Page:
Cancer Treatment Centers of America

Skin cancer diagnoses vary widely.
Know your options.

Skin cancer is the most common cancer in the United States, affecting more than 3.5 million Americans each year. Non-melanoma skin cancers, such as basal cell carcinoma and squamous cell carcinoma, are not likely to spread and may require little more than minor surgery or topical treatment. Melanoma, which accounts for about 2 percent of all skin cancers but is responsible for most skin cancer deaths, may spread (metastasize) through the lymphatic system or bloodstream to other organs. Because skin cancer occurrence varies so widely, turning to a team of experts may be essential to understanding your disease and the options available to treat it. The pathologists and oncologists at our cancer hospitals are experts in treating skin cancer, at every stage.

At Cancer Treatment Centers of America® (CTCA), our doctors treat only cancer, giving them the knowledge and experience to help you make informed decisions about your care. Your oncologist may recommend surgery, immunotherapy or targeted therapy, and plastic surgery to restore your function and appearance, if necessary. Your care plan may also include evidence-informed supportive care therapies to help you address skin cancer-related side effects, such as sun sensitivity, skin dryness, itchiness and redness, fatigue, swelling or nausea.

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Learn About Skin Cancer

The most common cancer among American men and women, skin cancer occurs when damaged cellular DNA drives the cells to grow uncontrollably. Skin cancer comes in many types, including basal cell carcinoma—the most common—squamous cell carcinoma, Merkel cell carcinoma, Kaposi’s sarcoma and melanoma, the deadliest form of the disease. The first sign of non-melanoma skin cancer is an unusual sore or growth that doesn’t go away. The risk for skin cancer increases as you age.

Learn more about skin cancer

Skin Cancer Diagnostic Evaluations

The only way to confirm whether you have skin cancer is with a visit to the doctor, who will typically first perform a visual examination. Your doctor will note the size, shape, location, color and texture of any suspicious spots, while also taking into account any bleeding or scaling. Most of the time, these examinations will be performed in a dermatologist’s office. In many cases, the whole growth will be removed and a biopsy taken to diagnose the cancer.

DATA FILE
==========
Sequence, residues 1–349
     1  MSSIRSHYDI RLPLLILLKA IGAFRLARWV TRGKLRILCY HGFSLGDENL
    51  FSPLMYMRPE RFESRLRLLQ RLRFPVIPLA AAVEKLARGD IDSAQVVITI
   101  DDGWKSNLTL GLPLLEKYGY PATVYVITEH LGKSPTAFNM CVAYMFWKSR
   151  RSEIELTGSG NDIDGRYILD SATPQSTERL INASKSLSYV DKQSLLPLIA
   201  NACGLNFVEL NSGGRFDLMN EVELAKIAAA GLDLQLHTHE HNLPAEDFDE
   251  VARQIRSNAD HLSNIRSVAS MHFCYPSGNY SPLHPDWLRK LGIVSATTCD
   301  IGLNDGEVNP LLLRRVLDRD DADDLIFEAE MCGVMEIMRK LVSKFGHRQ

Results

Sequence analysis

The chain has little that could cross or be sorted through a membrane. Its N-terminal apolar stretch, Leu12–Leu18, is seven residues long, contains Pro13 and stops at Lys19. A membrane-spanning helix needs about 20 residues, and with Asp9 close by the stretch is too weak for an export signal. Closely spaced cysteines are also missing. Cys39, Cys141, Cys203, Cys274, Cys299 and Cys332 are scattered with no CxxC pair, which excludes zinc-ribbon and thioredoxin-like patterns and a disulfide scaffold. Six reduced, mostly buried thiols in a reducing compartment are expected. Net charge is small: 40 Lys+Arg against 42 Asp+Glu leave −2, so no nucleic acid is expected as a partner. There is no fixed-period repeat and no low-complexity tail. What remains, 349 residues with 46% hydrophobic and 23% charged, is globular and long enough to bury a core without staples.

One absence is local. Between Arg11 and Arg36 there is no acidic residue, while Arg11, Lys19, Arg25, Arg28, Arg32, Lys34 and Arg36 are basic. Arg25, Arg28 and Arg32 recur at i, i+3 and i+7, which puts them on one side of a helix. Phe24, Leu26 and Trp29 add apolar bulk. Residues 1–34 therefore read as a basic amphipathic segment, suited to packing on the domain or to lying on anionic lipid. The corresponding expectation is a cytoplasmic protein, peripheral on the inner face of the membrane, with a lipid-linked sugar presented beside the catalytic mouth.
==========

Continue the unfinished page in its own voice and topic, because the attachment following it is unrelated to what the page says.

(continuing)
Learn more about skin cancer diagnostic evaluations

Skin Cancer Advanced Treatments

In most cases, skin cancer is removed in a dermatologist’s office or with an outpatient surgical procedure. Advanced forms of the disease may be treated with more aggressive approaches, such as chemotherapy, radiation therapy or immunotherapy. At Cancer Treatment Centers of America® (CTCA), our multidisciplinary team of cancer experts will tailor your treatment plan to your specific diagnosis and needs, taking care to answer your questions and involving you in treatment decisions throughout your journey.

Learn more about skin cancer treatments

Skin Cancer Supportive Care Services

Skin cancer patients, especially those with melanoma or advanced stages of squamous cell carcinoma or other skin cancers that require more than minor surgical treatments, may experience side effects that impact their quality of life. An integrative approach to care is designed to help you manage treatment-related side effects so you are better able to maintain your strength and stamina. Depending on your needs, you may choose to include nutrition therapy, pain management, naturopathic support or other supportive therapies to your care plan.

Learn more about skin cancer supportive care services

What's the difference in skin cells?


Treatments and prognoses for skin cancer vary greatly, depending on the skin cells affected. Learn the difference between the cells of the skin, including melanocytes and basal, squamous and Merkel cells.

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